Blueprint II Principles

As part of the overall work program for Blueprint II, GVMC staff has been collecting various sets of regional principles, practices and indicators for inclusion into a report to be called "Standards for Regional Development". One of the primary inputs intended for that study included the original Metropolitan Development Blueprint (MDB) document.

Since the creation of the original MDB document in 1994, there has been a movement of persons, organizations and institutions, (locally and nationally), dedicating themselves to regional and community development issues. This movement has led to an apparent expansion on many of the original MDB findings and the GVMC Blueprint Committee has found the need to "re-examine" and codify the principles, goals and standards to which we are now applying ourselves.

As a starting point for this process, the Blueprint Committee has analyzed the Blueprint strategies matrix, the GVMC City-Township Cooperation Committee "Points of Agreement", and other recent compilations of worthy regional principles and goals. After months of discussion and further analysis, the Blueprint Committee has adopted the following list of Blueprint II Principles. These "principles" will be a component of the "Standards for Regional Development" document currently programmed to be completed as a part of the Blueprint II sub-regional planning process.

Land Use Patterns

  • Promote regional settlement patterns in our metropolitan area to better integrate development with existing urbanized areas and to cultivate the unique qualities of community places and neighborhoods.

  • Involve regional planning entities or cooperative coordinating municipal associations in decision-making about significant land uses affecting broad settlement patterns.

  • Promote land use patterns that most efficiently use existing public infrastructure and community resources without diminishing the social, economic and cultural values of existing residential settlements and neighborhoods.

  • Promote development patterns that help maintain the viable long-term use of working open lands such as agriculture and forestry.


  • Identify and protect those natural areas in our metropolitan region which enhance the quality of our air, water and habitat for wildlife.

  • Establish a metro-wide system of environmental corridors, greenways, or landscapes, which establish convenient, non-destructive public use of our natural environment including bikeways, recreation areas, nature walks, and scenic preserves.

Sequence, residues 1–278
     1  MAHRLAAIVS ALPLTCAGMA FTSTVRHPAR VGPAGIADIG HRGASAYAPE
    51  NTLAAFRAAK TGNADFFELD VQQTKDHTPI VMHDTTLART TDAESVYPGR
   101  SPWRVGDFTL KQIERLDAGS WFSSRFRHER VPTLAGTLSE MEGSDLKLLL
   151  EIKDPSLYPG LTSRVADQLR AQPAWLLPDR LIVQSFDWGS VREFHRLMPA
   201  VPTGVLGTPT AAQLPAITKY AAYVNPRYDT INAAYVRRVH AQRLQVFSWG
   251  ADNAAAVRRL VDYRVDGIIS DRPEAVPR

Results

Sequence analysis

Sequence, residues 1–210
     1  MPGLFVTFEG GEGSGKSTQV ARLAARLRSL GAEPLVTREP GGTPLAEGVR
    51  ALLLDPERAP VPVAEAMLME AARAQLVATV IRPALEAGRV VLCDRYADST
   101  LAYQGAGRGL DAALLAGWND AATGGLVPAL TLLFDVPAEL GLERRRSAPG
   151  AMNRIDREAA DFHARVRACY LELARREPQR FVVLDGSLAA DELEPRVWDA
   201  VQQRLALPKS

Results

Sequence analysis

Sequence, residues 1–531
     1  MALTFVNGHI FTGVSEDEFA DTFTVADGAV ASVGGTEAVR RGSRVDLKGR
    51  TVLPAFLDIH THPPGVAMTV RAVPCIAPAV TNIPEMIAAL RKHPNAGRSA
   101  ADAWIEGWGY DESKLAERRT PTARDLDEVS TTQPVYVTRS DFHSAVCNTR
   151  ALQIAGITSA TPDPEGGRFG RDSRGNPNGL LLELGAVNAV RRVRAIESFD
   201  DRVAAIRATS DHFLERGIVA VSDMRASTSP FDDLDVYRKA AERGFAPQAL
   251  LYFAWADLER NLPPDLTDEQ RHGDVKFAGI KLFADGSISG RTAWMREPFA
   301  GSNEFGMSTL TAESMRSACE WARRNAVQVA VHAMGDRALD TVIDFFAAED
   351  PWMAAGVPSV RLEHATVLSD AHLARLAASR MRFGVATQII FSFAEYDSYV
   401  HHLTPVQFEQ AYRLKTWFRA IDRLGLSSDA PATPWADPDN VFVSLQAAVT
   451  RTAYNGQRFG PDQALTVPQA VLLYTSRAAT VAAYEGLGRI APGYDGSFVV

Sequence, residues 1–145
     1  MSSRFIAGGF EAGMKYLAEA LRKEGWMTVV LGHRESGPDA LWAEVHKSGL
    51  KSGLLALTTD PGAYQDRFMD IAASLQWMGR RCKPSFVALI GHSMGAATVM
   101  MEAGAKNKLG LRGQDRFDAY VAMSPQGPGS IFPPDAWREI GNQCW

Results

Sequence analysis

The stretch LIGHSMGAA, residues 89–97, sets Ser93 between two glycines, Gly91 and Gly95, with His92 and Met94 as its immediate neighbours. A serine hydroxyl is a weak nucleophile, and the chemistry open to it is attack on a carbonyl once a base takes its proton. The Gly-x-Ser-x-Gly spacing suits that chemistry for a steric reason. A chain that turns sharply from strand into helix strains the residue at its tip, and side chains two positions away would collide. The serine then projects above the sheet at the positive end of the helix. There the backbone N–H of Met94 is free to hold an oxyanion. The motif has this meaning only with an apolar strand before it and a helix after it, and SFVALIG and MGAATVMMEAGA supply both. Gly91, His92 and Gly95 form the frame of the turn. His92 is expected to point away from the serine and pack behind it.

• Promote the cleanup and reuse of vacant and under-utilized buildings and sites served with public utilities.

Citizen Involvement

  • Facilitate the focused involvement of local citizens, municipal officials, regional authorities and recognized experts to identify, design and maintain desirable, attractive and stable neighborhoods.

  • Make up-to-date information on regional development and planning widely available over a variety of media including pamphlets, books, classes, presentations, broadcast, and Internet.

Return to Top

Public Utility Infrastructure

  • Plan and develop timely, orderly and efficient arrangements of public facilities and services that reinforce local land use plans developed within a regional framework or perspective.

  • Promote a single regional sewer, water and stormwater authority charged with integrating and equitably paying for the provision of these services within regionally adopted patterns of land use.

  • Utility development and management should emphasize resource conservation while assuring environmental safety from contamination.

Community Design

Promote the adoption of community design standards by local planning entities that improve the use and enjoyment of urban and community environments.
  • Through focused community involvement in the design process, plan neighborhoods, cities and community centers which exhibit:
    • A sense of place and community.
    • Safety and less crime.
    • Broad diversity of social and economic status.
    • Respect for cultural and natural heritage.
    • Educational opportunities and success.
    • Buildings and routes scaled to human needs for personal access, safety and aesthetic comfort.
    • Easy access to natural areas.
    • Protection of environmentally sensitive areas.

Cooperation & Coordination

  • Promote inter-jurisdictional, regional cooperation and collaboration among communities to work towards quality, efficient, equitable, cost effective and long- term delivery of government services to all residents throughout the region.

  • Further enhance mechanisms for encouraging inter-governmental cooperation between and among federal, state and local jurisdictions with increased emphasis on inter-local activities.

Equity & Property Rights

  • Strive to protect the interest of all landowners from poor regional development design, inefficient and costly use of land resources, unbalanced allocation of regional public resources and unnecessarily restrictive regulation.

  • The costs and benefits of regional services and development should be shared in an equitable manner and on a regional basis.


  • Link land use decision-making and the provision of transportation facilities so as to encourage compact livable communities.

  • Develop a system of transportation which:
    • Maintains or improves the level of service for the current system of streets and thoroughfares
    • Supports local land use patterns and regional activity centers as outlined in a regional framework plan
    • Incorporates where possible mass transit, bicycling and pedestrian opportunities
    • Minimizes negative environmental impact

Return to Top